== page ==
Sometimes a book comes along that gets it so right and says it so well you know you have to share that book with anyone and everyone. Nothing More Dangerous by Allen Eskens is such a book. That it took Eskens over twenty years from the time he first started this story to the time he was ready to give it to the world speaks of the desire to tell the whole truth and nothing but the truth in the best possible way. There is one of my favorite authors who only wrote and published one book in her lifetime, and that book also addressed racism and bind hate and coming of age amongst it. Nothing More Dangerous is in that league of important books about this subject, and I have placed it next to my copy of To Kill a Mockingbird on my bookshelf where that revered book sits. Set in 1976, Nothing More Dangerous is also a timeless story that should also become a staple in classrooms and homes across the country. It's a reminder that the fight against racism is a never-ending one that requires our constant vigilance. Forty-three years since the time setting of the book and its relevance is as immediate as ever.
Boady Sanden has lived his whole fifteen years on Frog Hollow Road in Jessup, Missouri in the Ozark Mountain area. He barely remembers the father who died when he was five-years-old, but his mother has been in a state of sorrow since his dad's passing, which serves as a constant reminder that his father is gone. Luckily, their neighbor, Hoke Gardner has been around to teach Boady fishing and other skills a father might have done, and Hoke has been a source of listening and dispensing wisdom, as Boady's mother seems so isolated in her grief. With no friends and a few bullies at his high school, it's Frog Hollow Road that gives Boady a life where he can be himself and enjoy his surroundings. However, it's a restless satisfaction with where he lives, as Boady is saving up money from his job at the sheetrock business, down the road from where he lives and where his mother is office manager, to leave it all behind for the big city. He just needs to turn sixteen and be able to afford an old vehicle he can drive to get away. He has it planned out and won't be deterred, until he is.
The big old Victorian house across the road from Boady's small house had been empty for several years, but a sudden sprucing up of its interior foretells new neighbors. Those neighbors are Charles and Emma Elgin and their son Thomas, and their arrival changes everything in Boady's life. The Elgins are a black family, and not everyone is as welcoming as the residents of Frog Hollow Road. Charles Elgin is there to take over management of Ryke Plastics, the main employer in the county, due to an embezzlement of funds and a missing female employee suspected of absconding with the money. The man Charles Elgin is replacing is Cecil Halcomb, and Cecil and his cousins belong to the CORPS, Crusaders of Racial Purity and Strength, so the replacement by a black man is an offense to Halcomb that is not taken lightly. The Civil Rights Act of 1964 was passed to end racial discrimination and hate, but twenty-two years later in Jessup, Missouri in 1976, Hoke Gardner tells Boady a hard truth, that "you'll never change what a person thinks in their head or what they feel in their heart by passing a law." Frog Hollow Road, in the summer of 1976 becomes a microcosm of the best and the worst of humanity, as friendship between Boady and Thomas grows into their families being close, and the CORPS-minded people of Jessup make their hate known. Boady must decide if he should or can take a stand against those whose minds and hearts are poisoned by hate.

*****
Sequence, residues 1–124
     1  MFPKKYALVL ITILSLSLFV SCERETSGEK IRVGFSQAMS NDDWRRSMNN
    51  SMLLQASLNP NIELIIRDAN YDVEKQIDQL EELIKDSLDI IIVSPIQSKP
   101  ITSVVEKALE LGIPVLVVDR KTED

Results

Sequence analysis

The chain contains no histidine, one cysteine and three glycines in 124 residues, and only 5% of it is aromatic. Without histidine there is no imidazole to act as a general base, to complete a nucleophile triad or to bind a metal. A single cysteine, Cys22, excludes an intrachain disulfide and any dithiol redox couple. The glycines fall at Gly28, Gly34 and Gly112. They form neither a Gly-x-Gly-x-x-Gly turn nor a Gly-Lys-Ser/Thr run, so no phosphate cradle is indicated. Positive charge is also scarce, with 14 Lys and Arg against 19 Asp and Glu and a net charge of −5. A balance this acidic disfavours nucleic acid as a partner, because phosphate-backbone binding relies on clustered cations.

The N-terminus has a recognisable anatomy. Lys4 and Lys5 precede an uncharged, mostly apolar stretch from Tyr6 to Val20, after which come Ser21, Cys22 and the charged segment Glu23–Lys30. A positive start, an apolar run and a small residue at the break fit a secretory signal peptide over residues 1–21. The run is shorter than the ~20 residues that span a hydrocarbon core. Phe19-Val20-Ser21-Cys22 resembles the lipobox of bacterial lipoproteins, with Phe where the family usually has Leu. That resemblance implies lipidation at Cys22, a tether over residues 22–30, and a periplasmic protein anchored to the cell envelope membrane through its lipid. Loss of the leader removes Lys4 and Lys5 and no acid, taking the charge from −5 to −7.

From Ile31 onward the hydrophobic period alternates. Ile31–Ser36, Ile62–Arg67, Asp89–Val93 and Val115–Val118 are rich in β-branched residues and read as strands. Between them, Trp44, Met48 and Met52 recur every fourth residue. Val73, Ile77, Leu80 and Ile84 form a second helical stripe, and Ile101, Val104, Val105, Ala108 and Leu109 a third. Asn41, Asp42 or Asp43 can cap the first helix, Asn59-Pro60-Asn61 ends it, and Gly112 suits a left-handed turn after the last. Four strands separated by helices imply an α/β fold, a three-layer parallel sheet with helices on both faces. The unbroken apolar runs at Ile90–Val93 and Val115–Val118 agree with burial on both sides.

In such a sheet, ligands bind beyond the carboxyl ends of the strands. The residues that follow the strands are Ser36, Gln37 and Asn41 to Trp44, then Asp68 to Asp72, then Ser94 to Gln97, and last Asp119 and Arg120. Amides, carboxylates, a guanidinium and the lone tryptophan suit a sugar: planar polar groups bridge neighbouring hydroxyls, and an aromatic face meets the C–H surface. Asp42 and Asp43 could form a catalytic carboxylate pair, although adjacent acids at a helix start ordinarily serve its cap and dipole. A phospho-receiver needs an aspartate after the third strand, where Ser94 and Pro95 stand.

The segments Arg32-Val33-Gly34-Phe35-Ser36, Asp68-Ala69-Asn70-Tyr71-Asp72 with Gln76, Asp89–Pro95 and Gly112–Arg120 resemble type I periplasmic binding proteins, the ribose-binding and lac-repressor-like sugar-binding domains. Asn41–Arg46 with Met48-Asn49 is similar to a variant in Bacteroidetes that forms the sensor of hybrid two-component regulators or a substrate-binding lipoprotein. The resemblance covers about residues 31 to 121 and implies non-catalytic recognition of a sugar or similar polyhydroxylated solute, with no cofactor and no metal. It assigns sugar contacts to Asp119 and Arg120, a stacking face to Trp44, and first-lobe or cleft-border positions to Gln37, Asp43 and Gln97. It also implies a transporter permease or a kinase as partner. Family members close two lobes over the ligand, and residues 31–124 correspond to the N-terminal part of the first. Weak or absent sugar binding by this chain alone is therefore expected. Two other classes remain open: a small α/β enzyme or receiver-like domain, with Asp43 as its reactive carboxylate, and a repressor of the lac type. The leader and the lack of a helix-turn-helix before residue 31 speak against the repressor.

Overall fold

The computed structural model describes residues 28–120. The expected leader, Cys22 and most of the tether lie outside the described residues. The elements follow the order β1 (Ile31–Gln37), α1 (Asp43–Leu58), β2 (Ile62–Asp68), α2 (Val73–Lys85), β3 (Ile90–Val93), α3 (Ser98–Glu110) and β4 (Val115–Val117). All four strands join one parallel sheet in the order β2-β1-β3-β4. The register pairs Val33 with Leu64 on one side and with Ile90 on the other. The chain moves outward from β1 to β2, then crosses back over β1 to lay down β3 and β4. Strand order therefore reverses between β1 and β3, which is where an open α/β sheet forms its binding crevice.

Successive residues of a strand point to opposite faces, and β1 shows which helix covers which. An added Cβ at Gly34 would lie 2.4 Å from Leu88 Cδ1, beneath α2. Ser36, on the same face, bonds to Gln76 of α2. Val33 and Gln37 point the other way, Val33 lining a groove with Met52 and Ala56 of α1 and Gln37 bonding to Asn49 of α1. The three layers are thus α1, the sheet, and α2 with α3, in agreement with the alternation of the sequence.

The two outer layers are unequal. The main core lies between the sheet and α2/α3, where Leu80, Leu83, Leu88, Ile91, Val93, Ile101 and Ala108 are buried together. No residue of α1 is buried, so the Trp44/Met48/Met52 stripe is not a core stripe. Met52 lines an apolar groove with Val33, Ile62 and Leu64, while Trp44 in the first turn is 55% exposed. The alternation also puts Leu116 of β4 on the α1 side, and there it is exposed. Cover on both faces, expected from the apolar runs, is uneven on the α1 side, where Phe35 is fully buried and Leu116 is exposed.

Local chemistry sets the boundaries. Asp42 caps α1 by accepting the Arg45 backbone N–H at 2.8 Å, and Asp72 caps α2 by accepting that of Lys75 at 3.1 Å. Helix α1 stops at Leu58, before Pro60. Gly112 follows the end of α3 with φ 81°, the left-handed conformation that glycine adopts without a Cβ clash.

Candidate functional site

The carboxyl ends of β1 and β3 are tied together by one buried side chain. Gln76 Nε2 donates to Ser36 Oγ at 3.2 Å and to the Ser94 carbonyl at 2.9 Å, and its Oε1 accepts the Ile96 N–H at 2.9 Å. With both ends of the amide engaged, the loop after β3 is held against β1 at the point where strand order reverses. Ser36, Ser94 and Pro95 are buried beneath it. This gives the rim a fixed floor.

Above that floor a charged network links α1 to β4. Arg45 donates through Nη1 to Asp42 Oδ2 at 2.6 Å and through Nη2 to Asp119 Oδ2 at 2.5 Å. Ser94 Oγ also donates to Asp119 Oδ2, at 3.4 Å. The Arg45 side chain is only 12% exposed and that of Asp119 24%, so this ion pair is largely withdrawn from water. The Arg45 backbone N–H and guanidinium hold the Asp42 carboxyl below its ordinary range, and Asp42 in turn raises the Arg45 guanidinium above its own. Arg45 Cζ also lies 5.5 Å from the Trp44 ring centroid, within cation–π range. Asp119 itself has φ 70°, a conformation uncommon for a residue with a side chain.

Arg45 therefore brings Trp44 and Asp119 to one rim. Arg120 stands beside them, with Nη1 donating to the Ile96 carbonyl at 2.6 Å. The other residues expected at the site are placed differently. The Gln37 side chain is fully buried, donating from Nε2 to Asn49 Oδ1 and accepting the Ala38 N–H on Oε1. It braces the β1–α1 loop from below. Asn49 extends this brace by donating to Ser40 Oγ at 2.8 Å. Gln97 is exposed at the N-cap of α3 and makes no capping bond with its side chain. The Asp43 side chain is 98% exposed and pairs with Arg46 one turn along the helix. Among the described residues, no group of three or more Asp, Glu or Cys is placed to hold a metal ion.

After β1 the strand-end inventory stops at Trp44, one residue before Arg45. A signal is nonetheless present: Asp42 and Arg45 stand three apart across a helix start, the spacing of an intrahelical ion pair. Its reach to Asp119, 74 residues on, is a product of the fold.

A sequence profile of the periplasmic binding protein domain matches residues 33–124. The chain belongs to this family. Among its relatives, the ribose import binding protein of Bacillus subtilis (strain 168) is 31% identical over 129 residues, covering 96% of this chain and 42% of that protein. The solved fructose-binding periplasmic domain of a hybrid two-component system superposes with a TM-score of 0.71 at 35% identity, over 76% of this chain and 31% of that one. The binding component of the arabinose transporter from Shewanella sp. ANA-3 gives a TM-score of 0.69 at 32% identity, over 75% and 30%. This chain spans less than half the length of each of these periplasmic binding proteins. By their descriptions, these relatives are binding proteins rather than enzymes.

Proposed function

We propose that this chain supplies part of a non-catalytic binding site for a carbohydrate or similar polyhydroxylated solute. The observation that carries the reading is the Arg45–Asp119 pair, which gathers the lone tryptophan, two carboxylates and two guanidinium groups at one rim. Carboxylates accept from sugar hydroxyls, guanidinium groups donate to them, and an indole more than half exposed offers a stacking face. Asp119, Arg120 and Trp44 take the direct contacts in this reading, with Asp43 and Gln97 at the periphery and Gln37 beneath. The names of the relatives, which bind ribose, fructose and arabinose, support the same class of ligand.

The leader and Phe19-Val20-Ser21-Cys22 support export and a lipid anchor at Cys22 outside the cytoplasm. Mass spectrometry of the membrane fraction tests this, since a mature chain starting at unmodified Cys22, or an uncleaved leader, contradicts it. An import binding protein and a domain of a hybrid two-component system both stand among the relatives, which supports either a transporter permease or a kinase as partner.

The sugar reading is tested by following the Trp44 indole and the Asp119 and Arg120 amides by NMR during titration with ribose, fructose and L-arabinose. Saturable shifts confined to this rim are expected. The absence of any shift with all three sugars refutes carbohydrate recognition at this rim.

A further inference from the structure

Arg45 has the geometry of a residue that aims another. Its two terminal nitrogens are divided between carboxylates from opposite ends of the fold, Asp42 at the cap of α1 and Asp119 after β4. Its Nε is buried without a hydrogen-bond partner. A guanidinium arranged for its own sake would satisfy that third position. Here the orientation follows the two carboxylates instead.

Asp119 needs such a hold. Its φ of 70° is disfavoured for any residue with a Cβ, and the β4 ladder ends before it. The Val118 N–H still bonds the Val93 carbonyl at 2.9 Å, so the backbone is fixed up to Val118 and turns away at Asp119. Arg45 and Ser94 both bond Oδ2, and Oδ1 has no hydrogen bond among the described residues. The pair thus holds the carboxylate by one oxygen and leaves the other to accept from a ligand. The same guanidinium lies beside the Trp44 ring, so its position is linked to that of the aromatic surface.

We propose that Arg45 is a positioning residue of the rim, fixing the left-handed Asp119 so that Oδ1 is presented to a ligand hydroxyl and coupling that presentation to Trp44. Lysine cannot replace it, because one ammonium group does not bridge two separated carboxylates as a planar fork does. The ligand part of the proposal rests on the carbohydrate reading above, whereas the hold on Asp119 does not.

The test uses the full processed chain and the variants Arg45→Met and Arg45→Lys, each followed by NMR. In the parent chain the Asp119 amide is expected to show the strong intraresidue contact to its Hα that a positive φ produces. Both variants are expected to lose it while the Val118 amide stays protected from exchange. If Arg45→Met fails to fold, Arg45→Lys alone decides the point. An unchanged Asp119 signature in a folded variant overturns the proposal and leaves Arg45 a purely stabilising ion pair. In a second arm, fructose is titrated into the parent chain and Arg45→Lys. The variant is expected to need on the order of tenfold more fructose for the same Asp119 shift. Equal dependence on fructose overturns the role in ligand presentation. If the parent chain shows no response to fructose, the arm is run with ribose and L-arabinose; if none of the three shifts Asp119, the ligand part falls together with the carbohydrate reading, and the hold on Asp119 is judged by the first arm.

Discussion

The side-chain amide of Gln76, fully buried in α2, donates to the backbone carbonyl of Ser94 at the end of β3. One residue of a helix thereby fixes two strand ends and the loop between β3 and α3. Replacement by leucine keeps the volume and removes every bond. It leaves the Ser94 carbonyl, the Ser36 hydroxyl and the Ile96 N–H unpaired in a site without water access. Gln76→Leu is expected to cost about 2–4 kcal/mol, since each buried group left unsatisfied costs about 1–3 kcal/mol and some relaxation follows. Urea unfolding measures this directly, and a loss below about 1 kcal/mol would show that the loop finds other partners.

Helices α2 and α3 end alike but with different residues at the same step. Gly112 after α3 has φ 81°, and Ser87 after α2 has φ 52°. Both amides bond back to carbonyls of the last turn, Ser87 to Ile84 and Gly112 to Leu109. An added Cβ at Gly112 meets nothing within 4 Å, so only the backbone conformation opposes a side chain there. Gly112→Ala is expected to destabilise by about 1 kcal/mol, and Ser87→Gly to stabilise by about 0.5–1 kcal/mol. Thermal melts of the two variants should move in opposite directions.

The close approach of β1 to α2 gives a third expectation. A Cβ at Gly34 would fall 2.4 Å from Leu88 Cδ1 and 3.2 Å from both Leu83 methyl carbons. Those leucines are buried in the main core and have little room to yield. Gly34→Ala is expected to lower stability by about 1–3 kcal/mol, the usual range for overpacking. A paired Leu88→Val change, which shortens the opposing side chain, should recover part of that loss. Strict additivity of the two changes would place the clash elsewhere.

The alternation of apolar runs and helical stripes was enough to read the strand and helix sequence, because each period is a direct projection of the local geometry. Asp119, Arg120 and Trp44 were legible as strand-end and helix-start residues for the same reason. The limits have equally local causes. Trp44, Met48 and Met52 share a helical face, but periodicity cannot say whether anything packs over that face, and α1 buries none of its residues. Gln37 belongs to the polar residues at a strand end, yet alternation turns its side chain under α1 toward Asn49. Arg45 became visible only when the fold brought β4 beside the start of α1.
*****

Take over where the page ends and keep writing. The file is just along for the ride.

Although this narrative is clearly a coming-of-age story for a white teenager named Boady Sanden, and we closely follow the changes in him through the first person POV, it is a story of change and coming to terms with one's identity for several of the other characters in the book, too. Layers. It's the layers that make the story even richer. Boady's mother Emma; Emma's employer, Wally Schenicker; Hoke Gardner; and Thomas Elgin all have a summer that will forever affect their lives. And, there's the mystery of Lida Poe's disappearance and how it ties into the events of that fateful summer. The title of the book, Nothing More Dangerous, is part of a Martin Luther King quote and states the essence of the book perfectly. "Nothing in the world is more dangerous than sincere ignorance and conscientious stupidity.” Boady Sanden and his friend Thomas Elgin come face to face with that danger, and the world as Boady knew it is forever changed.
Nothing More Dangerous is a giant of a book in only 291 pages. It will stay with you, not only in thinking about your best reads, but in thinking about how you should live. Books of this magnitude should be read, shared, and discussed across the classrooms of America, in the book clubs of every sort, and at the table of family dinners. Words matter, and Allen Eskens' words in this book can serve to caution us and to guide us, to spur us on to be better people and make a better world.